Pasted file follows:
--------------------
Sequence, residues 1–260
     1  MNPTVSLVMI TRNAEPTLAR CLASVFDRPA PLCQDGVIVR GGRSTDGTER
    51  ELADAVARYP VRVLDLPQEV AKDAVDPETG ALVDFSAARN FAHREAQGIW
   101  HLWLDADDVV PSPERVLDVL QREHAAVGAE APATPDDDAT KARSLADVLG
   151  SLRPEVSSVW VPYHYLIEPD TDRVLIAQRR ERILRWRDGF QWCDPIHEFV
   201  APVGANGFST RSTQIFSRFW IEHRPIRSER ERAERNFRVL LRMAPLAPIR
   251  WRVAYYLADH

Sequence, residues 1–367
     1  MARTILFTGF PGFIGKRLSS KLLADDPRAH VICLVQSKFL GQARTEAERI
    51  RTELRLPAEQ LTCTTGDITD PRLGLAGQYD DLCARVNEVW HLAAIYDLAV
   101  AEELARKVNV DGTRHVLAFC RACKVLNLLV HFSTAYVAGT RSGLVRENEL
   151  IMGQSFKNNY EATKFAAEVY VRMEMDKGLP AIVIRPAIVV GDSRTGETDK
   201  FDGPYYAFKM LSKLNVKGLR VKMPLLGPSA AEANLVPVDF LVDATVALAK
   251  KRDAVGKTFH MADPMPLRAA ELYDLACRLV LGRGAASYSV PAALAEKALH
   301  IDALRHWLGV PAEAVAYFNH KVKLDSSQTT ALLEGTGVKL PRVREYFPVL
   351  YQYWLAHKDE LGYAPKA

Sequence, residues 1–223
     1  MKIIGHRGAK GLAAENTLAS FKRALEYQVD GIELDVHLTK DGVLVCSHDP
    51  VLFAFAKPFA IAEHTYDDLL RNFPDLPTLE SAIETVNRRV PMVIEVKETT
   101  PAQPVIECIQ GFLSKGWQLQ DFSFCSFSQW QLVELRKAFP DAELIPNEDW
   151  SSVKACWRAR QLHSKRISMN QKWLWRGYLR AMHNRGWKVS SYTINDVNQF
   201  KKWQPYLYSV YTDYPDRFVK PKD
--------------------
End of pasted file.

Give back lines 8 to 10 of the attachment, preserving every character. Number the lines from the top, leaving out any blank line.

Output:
Sequence, residues 1–367
     1  MARTILFTGF PGFIGKRLSS KLLADDPRAH VICLVQSKFL GQARTEAERI
    51  RTELRLPAEQ LTCTTGDITD PRLGLAGQYD DLCARVNEVW HLAAIYDLAV